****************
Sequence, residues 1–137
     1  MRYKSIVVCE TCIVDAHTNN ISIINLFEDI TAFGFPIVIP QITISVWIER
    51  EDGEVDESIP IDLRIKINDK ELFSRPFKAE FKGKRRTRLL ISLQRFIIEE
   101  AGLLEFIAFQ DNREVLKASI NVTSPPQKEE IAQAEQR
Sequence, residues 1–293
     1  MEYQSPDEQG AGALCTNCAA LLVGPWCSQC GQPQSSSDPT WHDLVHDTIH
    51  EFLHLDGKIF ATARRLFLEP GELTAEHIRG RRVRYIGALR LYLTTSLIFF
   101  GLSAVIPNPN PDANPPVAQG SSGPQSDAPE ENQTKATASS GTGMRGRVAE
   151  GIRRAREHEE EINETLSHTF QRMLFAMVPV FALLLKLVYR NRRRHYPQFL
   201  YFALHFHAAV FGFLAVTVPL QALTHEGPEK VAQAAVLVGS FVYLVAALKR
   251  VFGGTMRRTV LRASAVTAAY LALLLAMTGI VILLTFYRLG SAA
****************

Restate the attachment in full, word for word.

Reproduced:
Sequence, residues 1–137
     1  MRYKSIVVCE TCIVDAHTNN ISIINLFEDI TAFGFPIVIP QITISVWIER
    51  EDGEVDESIP IDLRIKINDK ELFSRPFKAE FKGKRRTRLL ISLQRFIIEE
   101  AGLLEFIAFQ DNREVLKASI NVTSPPQKEE IAQAEQR
Sequence, residues 1–293
     1  MEYQSPDEQG AGALCTNCAA LLVGPWCSQC GQPQSSSDPT WHDLVHDTIH
    51  EFLHLDGKIF ATARRLFLEP GELTAEHIRG RRVRYIGALR LYLTTSLIFF
   101  GLSAVIPNPN PDANPPVAQG SSGPQSDAPE ENQTKATASS GTGMRGRVAE
   151  GIRRAREHEE EINETLSHTF QRMLFAMVPV FALLLKLVYR NRRRHYPQFL
   201  YFALHFHAAV FGFLAVTVPL QALTHEGPEK VAQAAVLVGS FVYLVAALKR
   251  VFGGTMRRTV LRASAVTAAY LALLLAMTGI VILLTFYRLG SAA